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May 15, 2018

18 Chemistry and Biochemistry Undergrad Researchers will participate in Research Symposium May 17th

photo: UG Research Poster sessionThe UO’s eighth Annual Undergraduate Research Symposium is Thursday, May 17, 2018.  The event will host 382 undergraduates engaged in original research, creative work, and community-based projects from over 71 majors, 13 minors, and eight colleges. The full schedule and research abstracts are available here

Eighteen undergraduates will be presenting their chemistry and biochemistry research at the following sessions:

Concurrent Oral Session 2 – 11:45-1:15 p.m.

SPRUCE ROOM – SESSION 2S: CHEMISTRY, MATH, AND COMPUTER AND INFORMATION SCIENCE

Makenna Pennel − CHEMISTRY
Nanoparticles!
Faculty Mentor(s): Jim Hutchison, Kenyon Plummer

Concurrent Oral Session 3 – 1:30-3:00 p.m.

MAPLE ROOM – SESSION 3M: DNA & GENES

Rachel David − BIOCHEMISTRY
Investigating the Role of Genomic Positioning in Directing Meiotic Double-Strand DNA Break Repair
Faculty Mentor(s): Diana Libuda, Erik Toraason

 

Poster Session – 5:30-7:30 p.m.

EMU BALLROOM & GUMWOOD ROOM

HUSSEIN AL-ZUBIERI − BIOCHEMISTRY
Determining Scrib binding partners relevant to its spindle orienting function
Faculty Mentor(s): Ken Prehoda, Nicole Paterson

DYLAN BARDGETT − CHEMISTRY
Quantitative Analysis of Thin Films via X-ray Fluorescence Spectroscopy
Faculty Mentor(s): David Johnson

BRIAN CHASTAIN − GENERAL SCIENCE
The Effect of Different Substituents on the Optoelectronic Properties of Diindenoanthracene
Faculty Mentor(s): Michael Haley, Justin Dressler

ANSON DANG − BIOCHEMISTRY
Mapping Interactions Of Single-Stranded (Ss) DNA With the Ss-DNA Binding Protein (Gp32) of the T4 DNA Replication Complex at Specific Nucleotide Residue Positions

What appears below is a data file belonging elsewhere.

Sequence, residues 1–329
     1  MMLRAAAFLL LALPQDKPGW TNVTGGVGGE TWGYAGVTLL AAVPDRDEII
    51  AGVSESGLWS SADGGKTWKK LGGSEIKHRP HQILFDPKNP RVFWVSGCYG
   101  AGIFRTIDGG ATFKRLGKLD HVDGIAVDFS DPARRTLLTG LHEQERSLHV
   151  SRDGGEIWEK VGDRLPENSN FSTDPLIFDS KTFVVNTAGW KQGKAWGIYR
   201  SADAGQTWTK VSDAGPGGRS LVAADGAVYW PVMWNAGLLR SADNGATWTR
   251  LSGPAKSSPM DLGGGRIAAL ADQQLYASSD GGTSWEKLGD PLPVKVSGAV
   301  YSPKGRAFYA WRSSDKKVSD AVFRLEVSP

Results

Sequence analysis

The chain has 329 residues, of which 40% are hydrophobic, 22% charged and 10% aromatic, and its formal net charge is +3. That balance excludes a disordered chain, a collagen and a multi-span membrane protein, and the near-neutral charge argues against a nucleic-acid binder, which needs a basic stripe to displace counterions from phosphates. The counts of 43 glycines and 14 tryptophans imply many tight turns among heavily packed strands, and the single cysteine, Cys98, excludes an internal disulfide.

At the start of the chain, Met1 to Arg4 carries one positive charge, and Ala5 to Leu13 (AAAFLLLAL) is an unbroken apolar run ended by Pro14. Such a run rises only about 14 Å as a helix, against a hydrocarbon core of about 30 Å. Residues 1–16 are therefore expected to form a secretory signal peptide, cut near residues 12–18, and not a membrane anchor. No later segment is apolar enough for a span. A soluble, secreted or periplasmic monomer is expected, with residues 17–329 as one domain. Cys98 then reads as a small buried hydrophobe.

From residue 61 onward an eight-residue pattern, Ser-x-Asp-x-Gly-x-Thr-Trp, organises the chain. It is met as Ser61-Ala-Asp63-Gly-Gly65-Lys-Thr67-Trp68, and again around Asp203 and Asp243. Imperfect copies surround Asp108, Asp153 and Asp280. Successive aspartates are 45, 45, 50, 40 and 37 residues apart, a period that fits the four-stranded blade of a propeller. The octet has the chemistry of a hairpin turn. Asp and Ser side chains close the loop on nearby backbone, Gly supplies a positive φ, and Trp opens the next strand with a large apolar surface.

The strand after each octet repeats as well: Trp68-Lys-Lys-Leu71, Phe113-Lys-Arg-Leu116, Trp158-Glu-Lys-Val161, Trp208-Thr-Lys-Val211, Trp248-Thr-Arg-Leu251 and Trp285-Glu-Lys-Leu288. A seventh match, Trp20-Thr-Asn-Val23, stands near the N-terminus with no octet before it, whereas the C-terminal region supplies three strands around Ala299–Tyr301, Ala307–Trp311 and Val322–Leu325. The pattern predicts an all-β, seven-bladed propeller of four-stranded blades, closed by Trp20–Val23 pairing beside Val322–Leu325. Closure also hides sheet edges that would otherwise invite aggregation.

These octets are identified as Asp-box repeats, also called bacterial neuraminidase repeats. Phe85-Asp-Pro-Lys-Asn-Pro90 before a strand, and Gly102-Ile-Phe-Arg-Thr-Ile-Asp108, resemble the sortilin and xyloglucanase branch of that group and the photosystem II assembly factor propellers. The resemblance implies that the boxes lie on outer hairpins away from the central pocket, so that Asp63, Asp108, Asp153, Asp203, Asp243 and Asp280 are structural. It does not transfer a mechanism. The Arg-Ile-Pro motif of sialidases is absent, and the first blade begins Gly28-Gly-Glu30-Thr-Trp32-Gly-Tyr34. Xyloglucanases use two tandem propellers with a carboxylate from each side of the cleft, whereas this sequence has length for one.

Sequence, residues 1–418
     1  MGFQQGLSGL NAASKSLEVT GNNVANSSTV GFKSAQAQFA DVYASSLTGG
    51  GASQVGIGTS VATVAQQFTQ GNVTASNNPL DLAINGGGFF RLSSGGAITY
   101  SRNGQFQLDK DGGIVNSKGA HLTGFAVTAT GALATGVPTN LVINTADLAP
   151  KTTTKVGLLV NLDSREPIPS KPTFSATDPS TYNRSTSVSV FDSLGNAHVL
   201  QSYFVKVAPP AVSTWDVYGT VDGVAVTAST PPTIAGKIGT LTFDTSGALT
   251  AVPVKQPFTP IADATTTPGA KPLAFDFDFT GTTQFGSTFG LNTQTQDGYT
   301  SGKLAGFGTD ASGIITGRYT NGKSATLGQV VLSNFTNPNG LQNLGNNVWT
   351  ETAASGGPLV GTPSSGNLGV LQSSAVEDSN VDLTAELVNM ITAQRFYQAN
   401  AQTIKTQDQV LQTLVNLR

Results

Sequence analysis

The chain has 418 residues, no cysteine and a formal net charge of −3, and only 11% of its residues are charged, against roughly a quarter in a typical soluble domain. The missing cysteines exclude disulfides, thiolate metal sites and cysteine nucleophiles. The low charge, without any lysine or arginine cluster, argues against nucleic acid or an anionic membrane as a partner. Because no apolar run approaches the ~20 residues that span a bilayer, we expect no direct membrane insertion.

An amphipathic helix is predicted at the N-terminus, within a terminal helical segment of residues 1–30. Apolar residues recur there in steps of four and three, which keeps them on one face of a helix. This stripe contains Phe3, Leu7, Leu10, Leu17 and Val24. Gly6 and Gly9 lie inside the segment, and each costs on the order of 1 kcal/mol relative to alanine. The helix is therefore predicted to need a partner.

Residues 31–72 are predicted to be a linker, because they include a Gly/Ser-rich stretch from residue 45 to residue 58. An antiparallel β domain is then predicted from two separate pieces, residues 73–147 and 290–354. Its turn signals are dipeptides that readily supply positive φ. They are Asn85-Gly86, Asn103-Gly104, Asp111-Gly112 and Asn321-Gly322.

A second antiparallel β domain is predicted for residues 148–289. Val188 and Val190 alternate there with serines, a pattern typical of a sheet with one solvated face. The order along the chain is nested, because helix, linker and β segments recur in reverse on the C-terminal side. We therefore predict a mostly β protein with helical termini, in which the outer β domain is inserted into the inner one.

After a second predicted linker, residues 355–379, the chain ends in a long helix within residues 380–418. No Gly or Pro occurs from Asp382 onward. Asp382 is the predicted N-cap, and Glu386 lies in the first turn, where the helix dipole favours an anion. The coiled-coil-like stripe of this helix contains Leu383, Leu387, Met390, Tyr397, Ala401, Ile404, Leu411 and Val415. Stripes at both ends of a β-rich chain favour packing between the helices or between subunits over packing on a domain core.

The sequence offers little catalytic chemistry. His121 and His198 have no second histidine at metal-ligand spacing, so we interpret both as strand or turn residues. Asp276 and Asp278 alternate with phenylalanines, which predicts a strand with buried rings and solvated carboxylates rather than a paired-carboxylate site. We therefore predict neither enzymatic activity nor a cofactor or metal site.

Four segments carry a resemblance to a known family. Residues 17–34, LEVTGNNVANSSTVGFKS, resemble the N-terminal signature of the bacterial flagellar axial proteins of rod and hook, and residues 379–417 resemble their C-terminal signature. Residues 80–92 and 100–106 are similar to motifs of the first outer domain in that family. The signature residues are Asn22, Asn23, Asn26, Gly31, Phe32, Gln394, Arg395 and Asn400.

Faculty Mentor(s): Pete von Hippel

WILLIAM EDGELL − BIOCHEMISTRY
Synthesis of Alkyne Substituted Cycloparaphenylenes for Conjugated Polymers Research Area: Organic Synthetic Chemistry
Faculty Mentor(s): Ramesh Jasti

ADRIAN GORDON − CHEMISTRY
Title: Energetic Loss From the Use of Hole Scavengers to Measure Photoelectrochemical Cell Efficiency Limits
Faculty Mentor(s): Shannon Boettcher

SHAYAN LOUIE − BIOCHEMISTRY
Synthesis and Characterization of Ru(II) Cycloparaphenylene Complexes
Faculty Mentor(s): Ramesh Jasti, Jeff Van Raden

ALEXANDER LYGO − PHYSICS, CHEMISTRY
Properties and Synthesis of Three Component Heterostructure: (BiSe)1+δ(Bi2Se3)1+ δ (BiSe)1+ δ (TiSe2)
Faculty Mentor(s): David Johnson

SHAWN MELENDY − BIOCHEMISTRY
Assay of Insulin-Stimulated Signaling by Flow Cytometry: Key Points of Regulation Research Area: Natural/Physical Science
Faculty Mentor(s): Carrie McCurdy, Byron Hetrick

TRISTAN MISTKAWI − BIOCHEMISTRY
Synthesis of 7,14-Diarylfluoreno[3,2-b]fluorenes
Faculty Mentor(s): Josh Barker, Michael Haley

BENJAMIN MULLER − CHEMISTRY
Modeling the Behavior of Pyruvic Acid at the Air-Water Interface Research
Faculty Mentor(s): Brittany Gordon, Dr. Geraldine Richmond

MADELYN SCOTT − CHEMISTRY
Optimization of Deposition Techniques for Thin Film Production and Analysis
Faculty Mentor(s): Cathy Wong, Kelly Wilson

KEVIN SPIES − BIOCHEMISTRY
Developmental Synchronization Of The Purple Pitcher Plant Mosquito, Wyeomyia Smithii, as a Result Of Increasing Temperatures
Faculty Mentor(s): William Bradshaw, Christina Holzapfel

MARIBELLE STANLEY − PRE-CHEMICAL ENGINEERING
Drug Development with New Catalytic Molecules
Faculty Mentor(s): David Tyler

ASHLEE VISE − CHEMISTRY